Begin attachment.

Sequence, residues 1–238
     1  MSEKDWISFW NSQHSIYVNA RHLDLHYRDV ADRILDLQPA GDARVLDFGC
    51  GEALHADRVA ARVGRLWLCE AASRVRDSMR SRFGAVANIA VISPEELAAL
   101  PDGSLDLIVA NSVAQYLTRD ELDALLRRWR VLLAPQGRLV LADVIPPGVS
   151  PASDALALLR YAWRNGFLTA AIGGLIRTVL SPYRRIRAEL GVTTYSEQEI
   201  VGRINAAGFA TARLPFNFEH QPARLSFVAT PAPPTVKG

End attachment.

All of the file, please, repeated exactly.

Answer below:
Sequence, residues 1–238
     1  MSEKDWISFW NSQHSIYVNA RHLDLHYRDV ADRILDLQPA GDARVLDFGC
    51  GEALHADRVA ARVGRLWLCE AASRVRDSMR SRFGAVANIA VISPEELAAL
   101  PDGSLDLIVA NSVAQYLTRD ELDALLRRWR VLLAPQGRLV LADVIPPGVS
   151  PASDALALLR YAWRNGFLTA AIGGLIRTVL SPYRRIRAEL GVTTYSEQEI
   201  VGRINAAGFA TARLPFNFEH QPARLSFVAT PAPPTVKG